Der Spiegel tells the story of a German youth who grew up hating America, but who took a remarkable path to serving in the US Army and almost losing his life in Iraq. Jeffrey Jamaleldine took a bullet to the face and will require a number of reconstructive surgeries to return to normal. That has not dimmed his conviction that peace must be won, not dreamed:

Berlin-born Jeffrey Jamaleldine wanted to do something about terrorism in the world and so he joined the US Army to fight in Iraq. Now he’s back in Bavaria, his face nearly destroyed by a bullet — but he’s still convinced that it is his calling to fight for peace. …

Jamaleldine doesn’t even crack a smile when he talks about how, in 1991, he joined in anti-American protests on Berlin’s Kurfürstendamm boulevard during Operation Desert Storm. “That was the way it was back then,” he says. He was 15 and “America was simply the enemy.”

It took a full 14 years before Jamaleldine finally — and radically — changed his views on the Americans. It was on June 6, 2005, in the middle of the Iraq war, when he showed up at the US Army recruiting office in Little Rock, Arkansas, to enlist. His father Bashir told him at the time: “Son, this won’t be a picnic.” …

The father ends up saying: “I am in favor of peace.” To which Jeff responds: “But someone has to achieve that peace.” The father repeats: “I am in favor of peace.”

This only upsets Jeff. Normally he tends to be quiet and calm. But now he raises his voice, his body tenses up and his words become deliberately hurtful: “And what are you doing so that we can have peace? How much longer do you think you’d be sitting around drinking coffee in fancy Berlin cafés if people like me didn’t exist? If there was nobody to make sure you could live in peace? If there was nobody to fight terrorism?”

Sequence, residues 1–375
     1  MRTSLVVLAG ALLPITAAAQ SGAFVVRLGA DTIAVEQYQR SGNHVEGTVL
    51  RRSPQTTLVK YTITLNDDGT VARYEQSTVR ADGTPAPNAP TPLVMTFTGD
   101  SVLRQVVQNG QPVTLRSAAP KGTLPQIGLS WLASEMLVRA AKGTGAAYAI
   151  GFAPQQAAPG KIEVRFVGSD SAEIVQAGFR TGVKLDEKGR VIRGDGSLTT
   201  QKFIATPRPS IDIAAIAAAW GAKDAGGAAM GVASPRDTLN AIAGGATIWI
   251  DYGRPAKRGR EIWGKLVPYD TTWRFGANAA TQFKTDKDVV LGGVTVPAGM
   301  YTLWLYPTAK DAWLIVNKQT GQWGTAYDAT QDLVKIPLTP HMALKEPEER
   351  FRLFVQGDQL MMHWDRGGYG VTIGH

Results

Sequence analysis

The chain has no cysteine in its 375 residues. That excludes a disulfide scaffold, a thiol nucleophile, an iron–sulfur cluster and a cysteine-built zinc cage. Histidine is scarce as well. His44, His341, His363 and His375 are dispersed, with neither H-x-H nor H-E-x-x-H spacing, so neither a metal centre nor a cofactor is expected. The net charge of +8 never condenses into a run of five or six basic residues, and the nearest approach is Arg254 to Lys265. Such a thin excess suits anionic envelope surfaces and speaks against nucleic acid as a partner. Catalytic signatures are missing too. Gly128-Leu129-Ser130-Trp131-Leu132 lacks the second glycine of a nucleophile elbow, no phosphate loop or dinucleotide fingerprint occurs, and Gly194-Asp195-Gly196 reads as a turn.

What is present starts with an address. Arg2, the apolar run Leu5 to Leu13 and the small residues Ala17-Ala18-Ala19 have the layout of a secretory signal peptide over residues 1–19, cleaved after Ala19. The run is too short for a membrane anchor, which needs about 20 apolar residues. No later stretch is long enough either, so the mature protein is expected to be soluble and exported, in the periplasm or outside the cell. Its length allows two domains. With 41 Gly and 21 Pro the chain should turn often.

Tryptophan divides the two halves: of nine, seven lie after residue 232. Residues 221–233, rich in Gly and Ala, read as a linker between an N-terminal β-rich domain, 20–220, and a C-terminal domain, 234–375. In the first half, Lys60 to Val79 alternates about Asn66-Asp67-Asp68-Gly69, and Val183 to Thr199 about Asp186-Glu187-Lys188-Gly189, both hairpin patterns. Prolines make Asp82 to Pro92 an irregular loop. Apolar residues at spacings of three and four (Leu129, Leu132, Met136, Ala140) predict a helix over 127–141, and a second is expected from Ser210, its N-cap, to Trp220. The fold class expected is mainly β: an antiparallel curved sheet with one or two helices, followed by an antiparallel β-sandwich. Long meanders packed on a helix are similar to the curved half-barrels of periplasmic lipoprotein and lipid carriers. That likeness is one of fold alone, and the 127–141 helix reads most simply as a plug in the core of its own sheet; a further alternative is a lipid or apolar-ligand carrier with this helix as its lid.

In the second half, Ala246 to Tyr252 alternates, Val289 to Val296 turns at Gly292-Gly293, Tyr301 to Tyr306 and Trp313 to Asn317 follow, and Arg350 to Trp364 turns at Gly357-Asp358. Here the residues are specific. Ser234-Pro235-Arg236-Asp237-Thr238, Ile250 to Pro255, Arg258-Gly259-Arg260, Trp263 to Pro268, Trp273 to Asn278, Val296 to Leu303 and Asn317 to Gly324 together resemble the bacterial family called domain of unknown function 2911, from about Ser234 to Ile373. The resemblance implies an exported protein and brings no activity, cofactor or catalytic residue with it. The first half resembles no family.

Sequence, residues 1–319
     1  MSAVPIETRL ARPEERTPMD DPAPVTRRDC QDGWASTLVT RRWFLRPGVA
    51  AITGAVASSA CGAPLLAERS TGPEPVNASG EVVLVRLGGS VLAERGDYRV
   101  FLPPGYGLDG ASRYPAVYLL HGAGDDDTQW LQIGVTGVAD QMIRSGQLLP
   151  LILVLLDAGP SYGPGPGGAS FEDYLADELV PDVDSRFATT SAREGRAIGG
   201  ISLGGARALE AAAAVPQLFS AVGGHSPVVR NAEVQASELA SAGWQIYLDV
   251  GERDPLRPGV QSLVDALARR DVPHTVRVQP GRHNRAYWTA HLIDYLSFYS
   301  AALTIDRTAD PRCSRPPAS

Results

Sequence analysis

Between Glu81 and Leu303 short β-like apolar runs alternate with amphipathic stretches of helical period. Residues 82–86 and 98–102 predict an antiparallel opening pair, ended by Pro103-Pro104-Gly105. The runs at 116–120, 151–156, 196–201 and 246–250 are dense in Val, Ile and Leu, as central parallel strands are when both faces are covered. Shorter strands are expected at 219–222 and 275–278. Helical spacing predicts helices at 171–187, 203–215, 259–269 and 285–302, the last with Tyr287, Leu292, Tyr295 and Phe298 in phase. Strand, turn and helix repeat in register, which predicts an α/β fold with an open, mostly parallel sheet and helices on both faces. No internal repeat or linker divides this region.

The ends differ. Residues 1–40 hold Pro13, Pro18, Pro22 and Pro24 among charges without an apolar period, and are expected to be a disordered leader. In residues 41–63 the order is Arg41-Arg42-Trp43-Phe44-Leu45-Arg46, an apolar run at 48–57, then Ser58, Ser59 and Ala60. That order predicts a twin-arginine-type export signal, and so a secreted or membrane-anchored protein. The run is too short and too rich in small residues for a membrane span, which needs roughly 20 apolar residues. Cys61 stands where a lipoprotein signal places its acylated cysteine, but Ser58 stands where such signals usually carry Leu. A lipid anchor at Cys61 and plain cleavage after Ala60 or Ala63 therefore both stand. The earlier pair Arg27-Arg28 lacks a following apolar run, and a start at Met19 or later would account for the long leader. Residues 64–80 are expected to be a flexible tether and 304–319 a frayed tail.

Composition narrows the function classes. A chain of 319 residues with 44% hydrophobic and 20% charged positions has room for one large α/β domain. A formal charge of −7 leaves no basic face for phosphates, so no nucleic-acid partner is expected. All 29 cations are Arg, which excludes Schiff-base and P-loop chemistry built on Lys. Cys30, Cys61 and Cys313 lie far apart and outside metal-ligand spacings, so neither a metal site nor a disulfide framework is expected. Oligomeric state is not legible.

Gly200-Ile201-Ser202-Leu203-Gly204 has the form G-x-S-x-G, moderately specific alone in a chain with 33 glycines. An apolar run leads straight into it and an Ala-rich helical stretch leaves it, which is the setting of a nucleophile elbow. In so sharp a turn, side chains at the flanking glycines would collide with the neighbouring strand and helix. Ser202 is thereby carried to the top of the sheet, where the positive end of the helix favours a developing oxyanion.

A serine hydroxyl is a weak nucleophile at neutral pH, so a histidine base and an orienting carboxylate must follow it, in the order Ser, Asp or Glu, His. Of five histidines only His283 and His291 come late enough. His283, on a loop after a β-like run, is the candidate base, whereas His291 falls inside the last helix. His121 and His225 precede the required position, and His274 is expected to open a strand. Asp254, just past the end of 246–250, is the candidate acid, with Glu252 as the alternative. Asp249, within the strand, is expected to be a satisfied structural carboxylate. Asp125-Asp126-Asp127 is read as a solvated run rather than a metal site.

Jameldine will undergo another surgery to repair the damage to his jaw and teeth. Ullrich Fichtner describes the miracle of Jameldine’s survival after the bullet shattered the teeth and lower jaw on the right side of his face, and exited out behind his left temple. His face looks remarkably normal, Fichtner reports, but the damage to bone, muscle, and nerve has been extensive and will require years of reconstructive surgery to repair.

Nevertheless, Jameldine believes his sacrifice to be necessary, as the argument with his father shows. He saw the horrors of 9/11 being duplicated in the Mediterranean, in places like Morocco, Tunisia, and especially Madrid. European vacillation clearly was not bringing the world any closer to an end to Islamist terrorism, and Jameldine decided that he needed to join the fight to end it. Once in Iraq, though, his personal mission expanded. He wanted to help the Iraqi people to freedom, and tried to do his best to be an ambassador of sorts to the Iraqis while stationed there.

That ended with the Battle of Donkey Island, although only in access. Jameldine got caught in a tough position against an enemy force and attempted to find a better tactical spot when the bullet hit. One of his comrades got him out in time to save his life by breaking a few rules, for which the man later won a medal. Fichtner isn’t kidding when he calls Jameldine’s survival a miracle.

And despite all he’s suffered, he wants to return to active duty when the surgeries finish in 2009. Despite opposition from his wife and father, he feels compelled to fight to end terrorism and to free people from its oppression. It’s a remarkable story that needs to be read in full.